Penn State Overcomes Slow Start to Rout Eastern Michigan

Story posted September 7, 2013 in CommRadio, Sports by Matt Lawrence

It wasn’t the start freshman quarterback Christian Hackenberg and the Nittany Lions envisioned. But after falling behind 7-0 early in the first quarter, Penn State (2-0) ran off 45 unanswered points to defeat the Eastern Michigan Eagles (1-1) 45-7 in the team’s home opener at Beaver Stadium.

The Nittany Lions began the first half with two straight three and outs and Hackenberg misfired on his first three pass attempts. Following a botched snap on a 45-yard field goal attempt for the Eagles, Penn State’s offense stepped on to the field with the ball at their own 20.

From under center, Hackenberg dropped back and lost control of the football. Eastern Michigan’s Hunter Matt corralled the loose ball and walked into the end zone for the Eagles’ only score of the game.

It would be all Penn State from that point forward.

Late in the first quarter, Hackenberg connected with junior wide receiver Allen Robinson for a 43-yard gain down the right sideline, which prompted the first of Zach Zwinak’s two rushing touchdowns.

Later, Bill Belton capped off a 65-yard drive, which timed just over a minute, with a seven-yard touchdown run to give the Nittany Lions their first lead of the game. Sam Ficken would then knock home a Penn State record 14th consecutive field goal extending the lead to 17-7 entering the half.

For all the talk surrounding the offense, in the second consecutive week, it was the defense that stole the show. Effectively pitching a shutout, the Nittany Lions’ defense held the Eagles to under 200 yards of total offense.

Senior defensive tackle DaQuan Jones put together another monster game recording nine tackles and two sacks. And with both Ben Kline and Mike Hull sidelined with injuries, senior linebacker Glenn Carson once again paced the defense with 10 tackles.

“Those guys (front seven) are playing really well right now,” head coach Bill O’Brien said after the game. “There’s some veteran guys out there that have played a lot of football for us. I’m obviously very pleased with the defense.”

Hackenberg bounced back, to set a new Penn State freshman passing record with 311 yards, while completing 23 of 33 attempts. He hooked up with Robinson early in the fourth quarter for a 41-yard touchdown, effectively putting the game out of reach.

After struggling to get much going on the ground last week against Syracuse, the Nittany Lions rebounded today with 251 rushing yards and five touchdowns. Belton rushed for more than 100 yards for the first time since last year against Iowa and freshman Akeel Lynch cracked the century mark in his first appearance as a Nittany Lion.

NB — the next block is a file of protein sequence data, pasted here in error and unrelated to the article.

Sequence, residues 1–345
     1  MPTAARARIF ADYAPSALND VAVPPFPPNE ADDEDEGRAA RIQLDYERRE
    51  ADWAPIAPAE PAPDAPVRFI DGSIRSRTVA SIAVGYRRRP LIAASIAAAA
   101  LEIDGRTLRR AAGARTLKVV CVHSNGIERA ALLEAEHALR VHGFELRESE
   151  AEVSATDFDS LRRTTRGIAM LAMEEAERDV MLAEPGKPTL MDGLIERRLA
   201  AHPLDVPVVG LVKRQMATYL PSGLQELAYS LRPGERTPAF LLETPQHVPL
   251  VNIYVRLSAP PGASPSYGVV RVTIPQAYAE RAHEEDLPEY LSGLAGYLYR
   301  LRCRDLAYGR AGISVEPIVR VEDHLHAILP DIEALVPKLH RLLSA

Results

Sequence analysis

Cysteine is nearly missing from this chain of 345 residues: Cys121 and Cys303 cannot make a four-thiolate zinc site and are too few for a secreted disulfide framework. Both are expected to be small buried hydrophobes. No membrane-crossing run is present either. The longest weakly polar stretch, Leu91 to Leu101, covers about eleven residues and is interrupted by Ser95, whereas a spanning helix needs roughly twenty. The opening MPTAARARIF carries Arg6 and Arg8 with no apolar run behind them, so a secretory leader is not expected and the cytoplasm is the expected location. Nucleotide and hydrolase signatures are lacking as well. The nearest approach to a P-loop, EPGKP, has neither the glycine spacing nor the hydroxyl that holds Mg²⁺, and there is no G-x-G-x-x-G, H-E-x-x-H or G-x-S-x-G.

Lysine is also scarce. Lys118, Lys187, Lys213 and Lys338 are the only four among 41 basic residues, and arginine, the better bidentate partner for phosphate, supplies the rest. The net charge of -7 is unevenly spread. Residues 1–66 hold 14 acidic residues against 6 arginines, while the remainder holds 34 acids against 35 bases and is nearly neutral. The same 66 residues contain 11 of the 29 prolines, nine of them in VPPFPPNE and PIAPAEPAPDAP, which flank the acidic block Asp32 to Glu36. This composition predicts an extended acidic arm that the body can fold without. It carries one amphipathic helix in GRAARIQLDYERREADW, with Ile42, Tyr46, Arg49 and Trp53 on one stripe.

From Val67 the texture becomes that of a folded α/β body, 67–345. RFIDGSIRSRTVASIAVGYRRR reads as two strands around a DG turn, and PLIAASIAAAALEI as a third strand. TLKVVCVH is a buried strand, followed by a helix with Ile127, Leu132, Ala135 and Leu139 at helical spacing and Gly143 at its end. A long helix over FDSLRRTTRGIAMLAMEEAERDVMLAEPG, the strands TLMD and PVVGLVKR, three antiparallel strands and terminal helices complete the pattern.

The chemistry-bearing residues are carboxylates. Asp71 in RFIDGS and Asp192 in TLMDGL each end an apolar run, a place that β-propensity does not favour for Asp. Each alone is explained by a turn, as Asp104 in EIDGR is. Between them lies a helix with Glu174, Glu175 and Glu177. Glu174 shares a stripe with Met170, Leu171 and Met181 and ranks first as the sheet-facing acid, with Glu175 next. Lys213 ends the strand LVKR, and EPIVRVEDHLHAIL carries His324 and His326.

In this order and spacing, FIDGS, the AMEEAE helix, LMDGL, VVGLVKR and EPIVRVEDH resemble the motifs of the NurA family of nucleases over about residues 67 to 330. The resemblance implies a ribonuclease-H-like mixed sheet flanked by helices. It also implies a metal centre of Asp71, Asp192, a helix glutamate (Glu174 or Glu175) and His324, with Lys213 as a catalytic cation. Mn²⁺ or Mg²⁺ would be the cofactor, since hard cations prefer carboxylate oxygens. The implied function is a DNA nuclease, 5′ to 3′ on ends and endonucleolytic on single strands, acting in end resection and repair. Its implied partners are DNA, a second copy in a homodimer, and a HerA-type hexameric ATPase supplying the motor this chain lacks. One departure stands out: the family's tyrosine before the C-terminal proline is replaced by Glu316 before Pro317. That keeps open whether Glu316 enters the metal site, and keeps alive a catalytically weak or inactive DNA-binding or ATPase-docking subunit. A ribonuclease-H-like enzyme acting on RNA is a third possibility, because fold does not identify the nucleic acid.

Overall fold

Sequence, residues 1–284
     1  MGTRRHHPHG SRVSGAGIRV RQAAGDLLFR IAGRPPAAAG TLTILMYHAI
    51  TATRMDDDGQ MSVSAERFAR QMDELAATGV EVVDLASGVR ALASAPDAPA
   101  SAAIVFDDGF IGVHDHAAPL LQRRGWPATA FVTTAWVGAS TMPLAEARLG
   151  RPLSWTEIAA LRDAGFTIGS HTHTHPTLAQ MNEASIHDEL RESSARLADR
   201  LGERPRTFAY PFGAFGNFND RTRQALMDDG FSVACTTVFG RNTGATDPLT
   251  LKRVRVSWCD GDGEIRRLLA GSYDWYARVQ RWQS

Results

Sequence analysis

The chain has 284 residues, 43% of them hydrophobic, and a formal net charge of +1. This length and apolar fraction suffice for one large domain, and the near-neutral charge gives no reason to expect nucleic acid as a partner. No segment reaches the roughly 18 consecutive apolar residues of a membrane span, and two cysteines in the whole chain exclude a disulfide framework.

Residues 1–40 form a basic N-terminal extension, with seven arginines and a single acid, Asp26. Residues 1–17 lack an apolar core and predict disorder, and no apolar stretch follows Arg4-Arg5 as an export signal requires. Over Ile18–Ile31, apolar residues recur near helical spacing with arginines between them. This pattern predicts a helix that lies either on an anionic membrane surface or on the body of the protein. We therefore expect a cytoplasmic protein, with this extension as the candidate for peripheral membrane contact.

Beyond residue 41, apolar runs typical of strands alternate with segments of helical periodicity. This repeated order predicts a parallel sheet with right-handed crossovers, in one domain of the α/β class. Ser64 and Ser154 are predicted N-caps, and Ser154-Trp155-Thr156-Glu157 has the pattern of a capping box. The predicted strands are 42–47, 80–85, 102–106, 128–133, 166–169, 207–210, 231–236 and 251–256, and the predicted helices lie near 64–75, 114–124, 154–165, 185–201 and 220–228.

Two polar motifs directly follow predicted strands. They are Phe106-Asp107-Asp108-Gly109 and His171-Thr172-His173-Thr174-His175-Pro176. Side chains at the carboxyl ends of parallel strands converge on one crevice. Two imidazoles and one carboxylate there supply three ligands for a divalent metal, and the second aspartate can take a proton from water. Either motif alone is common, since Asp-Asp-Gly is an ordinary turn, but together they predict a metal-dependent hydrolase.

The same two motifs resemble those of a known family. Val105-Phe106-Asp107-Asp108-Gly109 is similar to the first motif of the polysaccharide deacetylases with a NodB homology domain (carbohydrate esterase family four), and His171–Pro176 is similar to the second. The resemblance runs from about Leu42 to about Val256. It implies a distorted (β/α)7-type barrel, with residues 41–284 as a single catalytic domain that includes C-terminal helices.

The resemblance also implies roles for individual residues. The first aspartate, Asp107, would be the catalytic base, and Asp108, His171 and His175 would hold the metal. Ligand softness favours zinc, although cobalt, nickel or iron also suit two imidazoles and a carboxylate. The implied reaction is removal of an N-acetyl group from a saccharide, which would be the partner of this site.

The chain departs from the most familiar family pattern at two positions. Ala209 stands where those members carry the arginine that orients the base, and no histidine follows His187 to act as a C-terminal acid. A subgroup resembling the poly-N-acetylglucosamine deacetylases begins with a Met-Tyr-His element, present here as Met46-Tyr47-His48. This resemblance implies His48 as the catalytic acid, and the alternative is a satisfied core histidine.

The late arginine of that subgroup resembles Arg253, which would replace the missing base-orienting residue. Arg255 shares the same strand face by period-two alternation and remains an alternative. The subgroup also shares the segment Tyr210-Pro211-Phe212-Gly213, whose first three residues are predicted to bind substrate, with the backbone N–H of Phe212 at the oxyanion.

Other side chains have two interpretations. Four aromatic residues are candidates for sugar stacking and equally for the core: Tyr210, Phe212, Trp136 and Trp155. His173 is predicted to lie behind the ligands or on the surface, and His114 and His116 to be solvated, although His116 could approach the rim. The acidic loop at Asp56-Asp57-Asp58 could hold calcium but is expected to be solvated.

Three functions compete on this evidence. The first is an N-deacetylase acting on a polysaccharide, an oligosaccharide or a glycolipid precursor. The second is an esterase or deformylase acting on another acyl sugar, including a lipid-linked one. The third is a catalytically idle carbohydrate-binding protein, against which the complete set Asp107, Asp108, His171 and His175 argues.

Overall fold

“It took a little while to get going,” O’Brien said. “It was a bit of a slow start, but it was nice to see them get going.”

Nine different receivers caught passes in the game, once again highlighted by Robinson. The reigning Big Ten Receiver of the Year is on track for another stellar season and was virtually unstoppable throughout the course of the game. He hauled in seven catches, many of which coming from the bubble screen variety, for a team-high 129 yards.

The home opener was highlighted with an introduction of the 1973 undefeated Penn State team at halftime. John Cappelletti, the school’s only Heisman Trophy winner, emerged in front of a roaring crowd of more than 90,000. At that time it was announced that his number 22 would be retired in Penn State football history. Lynch, who currently wears number 22, tweeted after the game that Cappelletti has given him permission to wear the number for the duration of his career.

“John Cappelletti just came and spoke to the team in the locker room,” O’Brien said. “That was really cool, I got to meet him and it was just a great experience.”

The Nittany Lions return to Beaver Stadium next Saturday when they host the University of Central Florida Golden Knights at 6 p.m. ComRadio’s coverage begins at 3 p.m. with the Tailgate Show live from the All Sports Museum.

Matt Lawrence is a junior majoring in broadcast journalism and economics. To contact him, email